Monster-in Law, whose release coincided with the publication of Fonda's book, gives her the best role of the three movies. Her character, Viola Fields, is a Barbara Walters-style TV journalist who gets canned by her network because of her advancing age and takes out her anger on her son's beautiful young fiancee, played by Jennifer Lopez. Fonda took the job to help fund her programs for adolescent reproductive health, but the role also must have resonated with a 67-year-old actress returning to a business that's famously hostile to older women. Viola is a broad, juicy character—vain, insecure, vengeful, self-pitying—and Fonda has a field day with her (she plows right over Lopez, though there's some great chemistry between her and Wanda Sykes as Viola's eye-rolling personal assistant). Fonda hasn't done much comedy, but Monster-in-Law reminds you that the genre accounts for her commercial breakthrough, Cat Ballou (1965), and one of her biggest hits, Nine to Five (1980).
I don't know what induced Fonda to make Georgia Rule, but I can only hope it was a worthy charity. Written and directed by Garry Marshall—whose big-screen sitcoms include Pretty Woman (1990), Runaway Bride (1999), The Princess Diaries (2001), and Valentine's Day (2010)—Georgia Rule is a ham-fisted generational drama with Fonda as the title character, a God-fearing widow in small-town Idaho who's not afraid to lay down the law; Felicity Huffman as her alienated and alcoholic daughter; and Lindsay Lohan (at the height of her tabloid notoriety) as her cynical granddaughter, who keeps going back and forth on her claim that she's been molested by her stepfather. One of the more startling developments in Fonda's personal life has been her recent conversion to Christianity, so perhaps she liked the idea of playing a woman who scolds people for taking the Lord's name in vain and comes after the stepfather in question with a baseball bat.
Peace, Love and Misunderstanding often plays like a remake of Georgia Rule with the political polarities reversed. This time Fonda's character, Grace, is an old hippie letting it all hang out in Woodstock, New York; her daughter, played by Catherine Keener, is a right-wing attorney who shows up at the old homestead with her two teenage kids after her husband asks for a divorce. Fonda can't do much with the character, an aggregation of cliches: Grace wears baggy print dresses, grows pot in her basement, drives a Volkswagen Beetle, presides over monthly bacchanals where women worship the full moon, and says things like, "Then Hendrix comes onstage to play, and my water breaks!" Director Bruce Beresford (Breaker Morant, Tender Mercies, Driving Miss Daisy) is a lot more skilled than Marshall, and Elizabeth Olsen (Martha Marcy May Marlene), who plays Grace's granddaughter, is a lot more engaging than Lohan. But the mother-daughter tension seems as stale and woolly-headed as in the earlier movie.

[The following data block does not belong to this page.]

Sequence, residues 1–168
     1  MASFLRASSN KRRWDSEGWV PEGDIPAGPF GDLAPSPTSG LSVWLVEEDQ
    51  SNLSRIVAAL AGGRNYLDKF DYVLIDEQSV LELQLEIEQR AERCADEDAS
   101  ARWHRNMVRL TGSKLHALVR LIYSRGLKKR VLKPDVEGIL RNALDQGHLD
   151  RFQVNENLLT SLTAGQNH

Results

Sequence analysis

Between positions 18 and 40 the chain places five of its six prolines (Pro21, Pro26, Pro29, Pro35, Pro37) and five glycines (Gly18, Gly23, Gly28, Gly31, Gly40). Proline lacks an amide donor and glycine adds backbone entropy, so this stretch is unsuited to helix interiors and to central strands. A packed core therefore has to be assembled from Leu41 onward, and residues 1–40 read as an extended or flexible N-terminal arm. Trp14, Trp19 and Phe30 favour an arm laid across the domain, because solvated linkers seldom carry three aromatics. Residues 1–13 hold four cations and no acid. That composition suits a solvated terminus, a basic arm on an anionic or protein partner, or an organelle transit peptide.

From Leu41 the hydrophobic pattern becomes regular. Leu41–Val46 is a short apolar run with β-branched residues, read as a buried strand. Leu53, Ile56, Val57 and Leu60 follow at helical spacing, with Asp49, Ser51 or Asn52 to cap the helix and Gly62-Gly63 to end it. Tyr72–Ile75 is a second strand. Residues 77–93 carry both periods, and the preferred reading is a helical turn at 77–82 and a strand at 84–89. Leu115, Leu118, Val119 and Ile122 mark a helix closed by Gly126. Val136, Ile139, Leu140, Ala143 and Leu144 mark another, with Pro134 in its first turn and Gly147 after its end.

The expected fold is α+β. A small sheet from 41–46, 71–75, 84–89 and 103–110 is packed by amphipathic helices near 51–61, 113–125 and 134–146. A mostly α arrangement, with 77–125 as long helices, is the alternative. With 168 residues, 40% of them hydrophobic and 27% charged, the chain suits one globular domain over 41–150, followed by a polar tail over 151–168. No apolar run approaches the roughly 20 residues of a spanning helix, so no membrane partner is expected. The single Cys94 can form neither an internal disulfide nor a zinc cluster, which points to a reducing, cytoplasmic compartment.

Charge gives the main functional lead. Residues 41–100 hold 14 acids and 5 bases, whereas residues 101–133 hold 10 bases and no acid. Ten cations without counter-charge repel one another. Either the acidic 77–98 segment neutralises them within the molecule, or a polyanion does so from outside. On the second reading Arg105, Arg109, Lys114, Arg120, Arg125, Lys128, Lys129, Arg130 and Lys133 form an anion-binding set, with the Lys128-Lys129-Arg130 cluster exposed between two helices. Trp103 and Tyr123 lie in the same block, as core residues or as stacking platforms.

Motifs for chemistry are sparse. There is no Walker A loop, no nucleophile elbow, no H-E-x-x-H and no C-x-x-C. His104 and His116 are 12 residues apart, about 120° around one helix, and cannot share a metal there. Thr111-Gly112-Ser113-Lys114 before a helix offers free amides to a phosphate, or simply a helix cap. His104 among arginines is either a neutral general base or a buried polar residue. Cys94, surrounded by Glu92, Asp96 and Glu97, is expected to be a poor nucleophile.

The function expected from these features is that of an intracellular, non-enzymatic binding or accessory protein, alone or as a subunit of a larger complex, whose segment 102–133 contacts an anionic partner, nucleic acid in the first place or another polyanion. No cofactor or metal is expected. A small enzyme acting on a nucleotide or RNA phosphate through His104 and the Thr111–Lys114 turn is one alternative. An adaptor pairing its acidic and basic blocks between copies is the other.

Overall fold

Fonda writes candidly about her own regrets as a busy, career-oriented mother (she has a daughter by Vadim, a son by Hayden, and an adopted daughter) and about the powerful emotional awakening she experienced when her first grandchild arrived in 1999. Those things alone might explain her eagerness to play flawed mothers, even in movies that hold out little promise of being any good. But with her recent choice of movie roles, Fonda may be reaching back even farther into the past. Her own mother, Frances Seymour, suffered from chronic depression and was frequently hospitalized; in April 1950, shortly after Henry Fonda divorced her, she cut her throat with a razor she'd smuggled into the Craig House sanitorium in Beacon, New York. Jane and her brother, Peter Fonda, were told their mother had died of a heart attack, though the following month Jane learned the true story from Photoplay, a Hollywood scandal magazine.
In an extraordinary passage from My Life So Far, Fonda recalls how writing the book finally forced her to investigate her mother's life. Born to a successful New York attorney, Frances Seymour had been physically abused by her father and, on one occasion, sexually molested by a piano tuner visiting their home. After graduating from high school, she became a secretary, went to work on Wall Street, and nabbed herself a millionaire husband, George Brokaw, who died and left her his fortune. When Seymour met the young actor Henry Fonda, she was one of the liveliest, most desired women in New York society, a far cry from the helpless and morose woman Jane Fonda remembered. As startling as these revelations may seem, they're perfectly consistent with the sense of constant self-discovery that has made Fonda such a fascinating personality for all these years. Her last three movies may not constitute any triumphant return, but understanding oneself can be a triumph all its own.